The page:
When they told me the moon was, in part, a goose I put my trust in the probability of misheard cobra taunters.
This one is Sylvester Stallone with a flick knife. That one De Niro on his belly, gut, protruding butt, no instinct.
But it was Sunday and the moon was falling like a reverse of its beginning, slower, sucked in instead of the brutality of being cast aside when planets collide
And on my lawn I saw it. The moon goose.Wrapped tightly like Lance Armstrong outrunning a lie as a tailwind whipped his ass out of shape. Into fate.
Headless it saw nothing. Plucked, long shorn of plumage, flightless and still. Leftover supermarket surplus, Christmas-chucked and forgotten. The moon goose rested beneath the lightless night as what was left of the moon rolled itself into the river and the distortion of its own reflection. Sky hanging. Night dancing. Star crowded.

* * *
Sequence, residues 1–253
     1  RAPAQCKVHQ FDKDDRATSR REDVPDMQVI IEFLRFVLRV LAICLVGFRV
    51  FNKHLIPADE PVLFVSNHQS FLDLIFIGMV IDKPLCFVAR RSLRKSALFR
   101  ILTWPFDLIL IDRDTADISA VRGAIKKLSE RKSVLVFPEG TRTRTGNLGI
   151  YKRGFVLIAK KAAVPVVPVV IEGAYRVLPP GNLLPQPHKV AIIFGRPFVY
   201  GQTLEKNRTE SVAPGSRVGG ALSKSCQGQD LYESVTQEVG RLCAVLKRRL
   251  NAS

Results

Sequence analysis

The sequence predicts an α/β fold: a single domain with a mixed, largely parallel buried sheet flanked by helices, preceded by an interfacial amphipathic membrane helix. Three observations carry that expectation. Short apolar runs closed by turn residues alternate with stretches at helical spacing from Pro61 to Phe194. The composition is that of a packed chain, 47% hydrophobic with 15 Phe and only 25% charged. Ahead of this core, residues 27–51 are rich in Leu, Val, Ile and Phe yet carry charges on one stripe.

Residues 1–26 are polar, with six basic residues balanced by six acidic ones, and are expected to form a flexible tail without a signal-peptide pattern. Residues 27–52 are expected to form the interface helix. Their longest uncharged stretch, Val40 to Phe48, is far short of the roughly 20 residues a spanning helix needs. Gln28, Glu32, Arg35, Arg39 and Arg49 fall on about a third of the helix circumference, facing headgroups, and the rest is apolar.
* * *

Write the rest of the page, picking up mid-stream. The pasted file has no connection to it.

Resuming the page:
I copied the moon goose’s stillness. Tried to feel the same vein blocking ice. Made to say a word but thought better of it.
The last goose I knew had been its twin in silence but its opposite in having a head, beak, neck, feathers and life.
I remember that goose, the park goose, dropping its neck low to watch me. Suspicious eyes unblinking as I backed away into the treeline. My hands held up for forgivenes. ‘See, I have nothing.’
The moon goose didn’t thaw. never will. When the days had fallen away as the moon had fallen to drown, I let it stay upon the lawn and didn’t approach it or speak. Let it be, wrapped in its golden blanket like Lance Armstrong contemplating the truth of pure victory and failing to grasp a thing.
When it was gone, when the nights grew brighter, I would still find myself alone in the garden, letting go a pale balloon as if that was any replacement for the ripples of water we lost, the howls, the sweet madness. My hands up. Palms forward. Empty. As if to say ‘See I have nothing.’